It is said that: “Where the Yi goes, the Qi goes.” and that “The Yi leads, the movement follows.” If we skip talking about Qi for the moment and only focus on Yi and movement, then what movement follow the Yi? I find that when it comes to Yi or “intent” many speak about movement without considering Tai Chi body mechanics. What should follow the Yi is Tai Chi movement. Tai Chi movement from a Tai Chi body. This means that when you consider “Yi” and practice this aspect of the mind, what follows should be your whole trained Tai Chi body. If your idea is to reach out your fist to punch, move in to push, or to evade, follow and lead, the Yi must be connected not only to movement but also to your Tai Chi body. This means that without a proper body method, without correct body mechanics, all talk about Yi or intent is superficial and probably unnecessary.
Compare the calm mind-set and the relaxed body state that we practice and strive towards in Tai chi with the common fighting attitude and mind-set people automatically tune into when they they approach a fight. When going into the “fighting-mode”, most people will automatically tense up the body and clench the fists with muscular strength. But instead the Yi in Tai Chi should work as an “idea” that triggers your body so you will automatically relax, drop the strength and sink. This means that when you practice Yi, you always need to connect both your relaxed mind-state and your whole-body state with the Yi. You should have this in mind while practicing so you can teach your Tai Chi body and Tai Chi mind to respond on aggression and threat instead of the caveman residing inside of each of us.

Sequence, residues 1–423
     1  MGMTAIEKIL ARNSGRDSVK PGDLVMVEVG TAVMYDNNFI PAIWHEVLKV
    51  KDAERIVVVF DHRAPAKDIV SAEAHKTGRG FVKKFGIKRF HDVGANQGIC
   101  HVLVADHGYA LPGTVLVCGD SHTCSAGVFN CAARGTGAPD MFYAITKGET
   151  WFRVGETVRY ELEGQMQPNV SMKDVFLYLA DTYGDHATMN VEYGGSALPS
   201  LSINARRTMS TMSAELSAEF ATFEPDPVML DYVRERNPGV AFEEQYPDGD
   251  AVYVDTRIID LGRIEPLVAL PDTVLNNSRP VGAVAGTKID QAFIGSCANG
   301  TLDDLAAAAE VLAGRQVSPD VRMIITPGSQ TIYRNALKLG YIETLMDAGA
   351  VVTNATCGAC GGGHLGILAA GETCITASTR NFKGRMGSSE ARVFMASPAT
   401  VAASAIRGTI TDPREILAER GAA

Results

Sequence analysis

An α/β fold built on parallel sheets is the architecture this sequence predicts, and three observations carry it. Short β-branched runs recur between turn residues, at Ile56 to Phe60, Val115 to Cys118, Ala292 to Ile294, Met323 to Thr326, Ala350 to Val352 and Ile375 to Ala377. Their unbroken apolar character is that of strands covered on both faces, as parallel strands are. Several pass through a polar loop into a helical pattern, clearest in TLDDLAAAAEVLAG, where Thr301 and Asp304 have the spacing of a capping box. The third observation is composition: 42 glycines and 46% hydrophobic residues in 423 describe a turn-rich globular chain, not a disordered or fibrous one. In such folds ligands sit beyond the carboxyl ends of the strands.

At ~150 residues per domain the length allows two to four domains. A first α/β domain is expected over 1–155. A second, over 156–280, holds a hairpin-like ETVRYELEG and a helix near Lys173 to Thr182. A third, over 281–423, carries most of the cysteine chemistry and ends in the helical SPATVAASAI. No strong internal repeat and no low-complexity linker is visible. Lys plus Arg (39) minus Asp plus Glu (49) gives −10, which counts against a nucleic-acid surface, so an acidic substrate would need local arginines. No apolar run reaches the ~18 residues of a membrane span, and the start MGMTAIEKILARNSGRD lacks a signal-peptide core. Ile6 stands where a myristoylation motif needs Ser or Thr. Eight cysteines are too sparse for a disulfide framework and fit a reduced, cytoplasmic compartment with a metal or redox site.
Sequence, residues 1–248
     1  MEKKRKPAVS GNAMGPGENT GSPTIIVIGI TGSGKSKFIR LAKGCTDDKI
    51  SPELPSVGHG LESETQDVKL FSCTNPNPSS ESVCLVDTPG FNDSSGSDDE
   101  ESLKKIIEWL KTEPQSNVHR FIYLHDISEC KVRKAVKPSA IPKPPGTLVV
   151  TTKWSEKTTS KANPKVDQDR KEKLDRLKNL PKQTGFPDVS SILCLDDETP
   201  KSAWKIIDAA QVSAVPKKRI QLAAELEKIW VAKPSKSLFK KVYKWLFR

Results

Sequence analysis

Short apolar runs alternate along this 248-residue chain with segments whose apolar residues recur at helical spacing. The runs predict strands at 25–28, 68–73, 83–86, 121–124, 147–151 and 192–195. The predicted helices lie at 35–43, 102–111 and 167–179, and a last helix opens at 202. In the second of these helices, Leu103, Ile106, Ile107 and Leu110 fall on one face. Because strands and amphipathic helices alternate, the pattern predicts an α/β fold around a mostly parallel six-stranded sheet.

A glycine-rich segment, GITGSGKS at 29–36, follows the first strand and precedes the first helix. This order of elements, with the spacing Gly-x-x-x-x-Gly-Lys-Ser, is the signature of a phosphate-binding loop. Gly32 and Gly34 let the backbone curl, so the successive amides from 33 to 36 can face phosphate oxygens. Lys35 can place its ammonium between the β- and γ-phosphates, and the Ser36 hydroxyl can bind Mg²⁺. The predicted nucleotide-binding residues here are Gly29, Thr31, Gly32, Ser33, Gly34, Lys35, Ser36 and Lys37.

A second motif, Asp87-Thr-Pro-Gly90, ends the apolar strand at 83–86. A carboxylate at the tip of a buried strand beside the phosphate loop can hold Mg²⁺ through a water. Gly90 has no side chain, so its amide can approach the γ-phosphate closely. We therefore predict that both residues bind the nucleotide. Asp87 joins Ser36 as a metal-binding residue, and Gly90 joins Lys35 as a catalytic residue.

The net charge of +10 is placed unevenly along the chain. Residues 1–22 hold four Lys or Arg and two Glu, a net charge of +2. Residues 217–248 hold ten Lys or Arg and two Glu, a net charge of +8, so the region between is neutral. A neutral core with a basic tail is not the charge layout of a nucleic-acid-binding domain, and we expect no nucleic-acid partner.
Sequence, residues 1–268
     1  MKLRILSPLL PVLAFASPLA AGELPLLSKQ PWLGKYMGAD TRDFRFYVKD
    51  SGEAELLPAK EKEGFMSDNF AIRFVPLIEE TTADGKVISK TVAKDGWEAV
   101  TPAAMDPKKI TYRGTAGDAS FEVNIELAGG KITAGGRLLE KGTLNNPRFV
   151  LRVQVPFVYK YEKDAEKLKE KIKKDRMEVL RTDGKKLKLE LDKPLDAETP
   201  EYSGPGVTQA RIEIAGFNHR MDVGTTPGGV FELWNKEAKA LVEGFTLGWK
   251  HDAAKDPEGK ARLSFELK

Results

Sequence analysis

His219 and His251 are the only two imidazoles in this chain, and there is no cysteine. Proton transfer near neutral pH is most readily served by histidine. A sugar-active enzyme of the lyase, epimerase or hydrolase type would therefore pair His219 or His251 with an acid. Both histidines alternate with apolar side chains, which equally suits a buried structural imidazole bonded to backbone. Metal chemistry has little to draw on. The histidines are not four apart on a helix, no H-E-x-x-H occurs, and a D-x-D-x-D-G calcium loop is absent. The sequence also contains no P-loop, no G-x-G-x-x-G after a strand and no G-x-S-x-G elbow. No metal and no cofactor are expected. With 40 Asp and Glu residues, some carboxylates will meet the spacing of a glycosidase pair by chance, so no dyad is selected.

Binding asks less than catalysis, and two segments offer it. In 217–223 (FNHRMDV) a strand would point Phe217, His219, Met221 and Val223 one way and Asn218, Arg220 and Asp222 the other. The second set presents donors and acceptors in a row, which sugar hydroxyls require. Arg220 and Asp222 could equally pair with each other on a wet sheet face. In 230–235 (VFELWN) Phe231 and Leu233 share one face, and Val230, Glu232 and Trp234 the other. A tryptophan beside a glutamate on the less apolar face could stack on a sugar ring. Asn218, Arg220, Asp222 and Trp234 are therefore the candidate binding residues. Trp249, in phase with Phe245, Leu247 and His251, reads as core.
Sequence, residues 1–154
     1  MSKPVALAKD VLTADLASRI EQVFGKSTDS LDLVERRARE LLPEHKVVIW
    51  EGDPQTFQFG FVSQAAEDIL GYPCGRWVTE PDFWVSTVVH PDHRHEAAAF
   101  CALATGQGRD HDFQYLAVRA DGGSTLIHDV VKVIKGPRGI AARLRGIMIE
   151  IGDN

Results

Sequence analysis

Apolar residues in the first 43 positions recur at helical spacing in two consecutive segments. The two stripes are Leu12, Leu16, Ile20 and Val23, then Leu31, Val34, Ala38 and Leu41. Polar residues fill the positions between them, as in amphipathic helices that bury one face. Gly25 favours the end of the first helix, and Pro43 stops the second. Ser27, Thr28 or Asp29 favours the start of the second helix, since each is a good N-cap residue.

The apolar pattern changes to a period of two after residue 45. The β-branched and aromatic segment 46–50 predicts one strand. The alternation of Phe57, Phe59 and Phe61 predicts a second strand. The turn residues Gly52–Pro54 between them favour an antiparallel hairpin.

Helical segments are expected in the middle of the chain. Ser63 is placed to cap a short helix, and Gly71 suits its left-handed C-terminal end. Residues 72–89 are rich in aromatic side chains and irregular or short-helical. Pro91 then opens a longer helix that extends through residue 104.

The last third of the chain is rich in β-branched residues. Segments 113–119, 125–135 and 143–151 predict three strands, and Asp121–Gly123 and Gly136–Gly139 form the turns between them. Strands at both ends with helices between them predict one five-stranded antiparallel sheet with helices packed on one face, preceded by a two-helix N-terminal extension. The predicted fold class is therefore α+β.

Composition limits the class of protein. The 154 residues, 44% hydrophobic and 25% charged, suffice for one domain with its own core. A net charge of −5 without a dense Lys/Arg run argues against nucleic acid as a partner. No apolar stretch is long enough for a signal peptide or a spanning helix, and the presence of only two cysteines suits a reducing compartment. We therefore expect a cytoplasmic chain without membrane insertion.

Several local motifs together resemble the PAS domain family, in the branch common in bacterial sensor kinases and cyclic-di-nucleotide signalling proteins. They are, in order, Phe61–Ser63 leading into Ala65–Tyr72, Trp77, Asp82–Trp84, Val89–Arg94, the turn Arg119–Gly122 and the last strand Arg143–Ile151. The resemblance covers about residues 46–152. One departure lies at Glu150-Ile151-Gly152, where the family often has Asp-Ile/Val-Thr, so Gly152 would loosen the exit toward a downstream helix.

When practicing punching, pushing or defensive moves, alone or with a partner, make sure you get every ingredient of your body state in everything you do. Always when you “want” to do something, even before doing something, connect the idea of what you want to do with the whole body state: relax, sink the strength, sink the breath, feel the floor with your feet, feel the zhongding (centerline), move with your body as a whole and move from the dantian.
When you consciously practice “to do”, whatever you are doing for the moment, then practice to “do” or act directly without thinking. Make sure that your whole internal body state follows. This takes time. First you need to learn a correct Tai Chi shenfa, a body method. After you have learned the method and you know how to move and act according to the Tai Chi method, the practice of Yi means that you will learn how to trigger this body method, to step directly into your Tai Chi animal just by using the “idea” of doing something. The “idea” when use your Yi should not be “to use” Tai Chi. Instead, every idea connected to use of practical application should trigger your whole shenfa. For instance, when you step into a defensive posture, maybe an all natural looking stance with your hands gently raised for a subtle guard, your whole shenfa should be there. When you act, you should act accordingly to your shenfa. The shenfa or the whole body method should be behind those movements that follow your Yi. This is what Hao Weizhen meant by: ”If you are able to use intention to attack the opponent, then after long experience, even intention does not need to be applied, for the body standards will always be conformed to.“ When you have understood “mind” and “body” as they are understood in Tai Chi, and further learned to connect the shenfa in action through the application of “Yi”, then there will be no difference between being and doing. Doing means being in your Tai Chi state, the Tai Chi state means being able to move freely within this state. The “Mind state” will more or less be nothing else than what naturally connects “being” and “doing” together as a whole.